ArtsATL > Theater > Review: PushPush Theatre lives up to its name with daring, richly strange “The Black Glass”

Review: PushPush Theatre lives up to its name with daring, richly strange “The Black Glass”

Shelby Hofer in the daring and provocative "The Black Glass."
Shelby Hofer in the daring and provocative "The Black Glass."

A character steps forward and speaks directly to the audience, saying, “A year has passed.” It’s possible that a year has just passed. Or it’s possible that the character is just saying, “A year has passed.” Maybe that’s just the kind of thing he does. Or maybe he’s not even there at all. Maybe he’s just a figment of another character’s imagination. Or maybe all the other characters are figments of his. You get the idea (or you don’t).

What you make of the new play “The Black Glass,” being staged by PushPush Theater at the Goat Farm Arts Center through December 22, will depend largely on what you make of such abstract theatrical head games. Audience members with a low tolerance for them will find their patience tried by the ambiguity and seeming impossibility of the storyline, if not the seeming impossibility of discerning the storyline. But in PushPush’s daringly experimental new show, those willing to go along for the ride will find a darkly compelling meditation on the human cost of corporate greed.

“Black Glass” was developed by playwright Guy Zimmerman in conjunction with Padua Playwrights Theater in Los Angeles. It centers on Donny (Tim Haberger), the powerful chief executive of a hugely profitable but psychopathically soulless corporation. As the play opens, he’s celebrating a recent successful corporate takeover with his old friend and (possibly) half-brother, Tommy (Brad Culver), at the top of his sleek black-glass office tower in downtown Los Angeles, a pinnacle of power.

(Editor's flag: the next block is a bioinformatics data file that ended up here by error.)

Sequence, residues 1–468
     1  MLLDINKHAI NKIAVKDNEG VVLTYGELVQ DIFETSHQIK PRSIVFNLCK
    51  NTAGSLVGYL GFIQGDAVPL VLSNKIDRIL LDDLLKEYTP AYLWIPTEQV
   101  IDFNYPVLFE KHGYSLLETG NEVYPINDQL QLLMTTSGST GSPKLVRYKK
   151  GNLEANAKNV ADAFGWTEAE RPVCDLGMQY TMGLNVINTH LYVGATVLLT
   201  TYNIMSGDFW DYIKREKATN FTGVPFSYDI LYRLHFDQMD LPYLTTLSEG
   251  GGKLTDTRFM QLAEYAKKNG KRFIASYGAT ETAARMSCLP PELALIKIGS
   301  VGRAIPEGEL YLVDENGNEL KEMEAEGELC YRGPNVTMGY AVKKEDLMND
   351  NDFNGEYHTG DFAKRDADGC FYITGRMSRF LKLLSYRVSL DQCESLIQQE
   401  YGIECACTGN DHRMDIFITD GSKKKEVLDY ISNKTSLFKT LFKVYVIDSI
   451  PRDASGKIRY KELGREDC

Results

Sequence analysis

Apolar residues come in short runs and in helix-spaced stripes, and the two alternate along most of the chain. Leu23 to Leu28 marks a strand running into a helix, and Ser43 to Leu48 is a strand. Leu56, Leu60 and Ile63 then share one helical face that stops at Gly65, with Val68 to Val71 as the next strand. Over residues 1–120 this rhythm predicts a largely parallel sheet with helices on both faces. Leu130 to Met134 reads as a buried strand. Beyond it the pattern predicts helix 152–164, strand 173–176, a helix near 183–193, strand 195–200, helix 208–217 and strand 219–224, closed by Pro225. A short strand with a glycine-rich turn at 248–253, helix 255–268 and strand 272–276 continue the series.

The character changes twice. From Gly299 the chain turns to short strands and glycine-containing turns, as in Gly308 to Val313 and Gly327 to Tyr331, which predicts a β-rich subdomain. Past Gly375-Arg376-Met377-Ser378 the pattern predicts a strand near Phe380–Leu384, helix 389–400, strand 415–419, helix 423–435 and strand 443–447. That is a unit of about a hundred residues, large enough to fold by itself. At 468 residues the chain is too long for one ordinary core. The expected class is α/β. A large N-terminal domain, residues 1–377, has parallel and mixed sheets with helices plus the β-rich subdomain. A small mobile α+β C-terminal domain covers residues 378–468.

Tommy has unexpectedly invited two young women, Dawn and Adana (Corryn Cummins and Shelby Hofer). At first they seem to be prostitutes brought along to be part of the celebration, but later it seems more likely that they’re anti-capitalist rebels who’ve managed to crash the party using that ruse. They begin to taunt Tommy with the idea that the beloved teenage daughter he keeps sequestered in a convent school in Spain has become (or will become) a porn star and that they’re part of an elaborate blackmail scheme. Tommy becomes convinced — or is trying to convince himself — that the women are figments of his troubled imagination, and perhaps they are.

Although it’s often hard to find your balance, “The Black Glass” develops a surprisingly powerful poetry of tangled expectations. Its strangeness and mystery reflect the high ambitions of the artists involved. It isn’t so much a play as an abstract painting that uses theatrical action instead of brushstrokes: it invites that sort of contemplation and meditation.

Being on such unfamiliar shaky ground can be frustrating, but it can be exciting too. It’s an ominous, uneasy world we’re in, one where morality and identity, even time and sense themselves, are subject to a sort of radioactive uncertainty. It’s all tied together and given ominous overtones in John Zalewski’s dark background score.

Moving audience members around in the middle of the play doesn’t advance anything but only addles entry into an already challenging work. But PushPush otherwise approaches this richly strange play with a lot of daring, smarts and energy, making for an intriguing head-first dive into the unknown.

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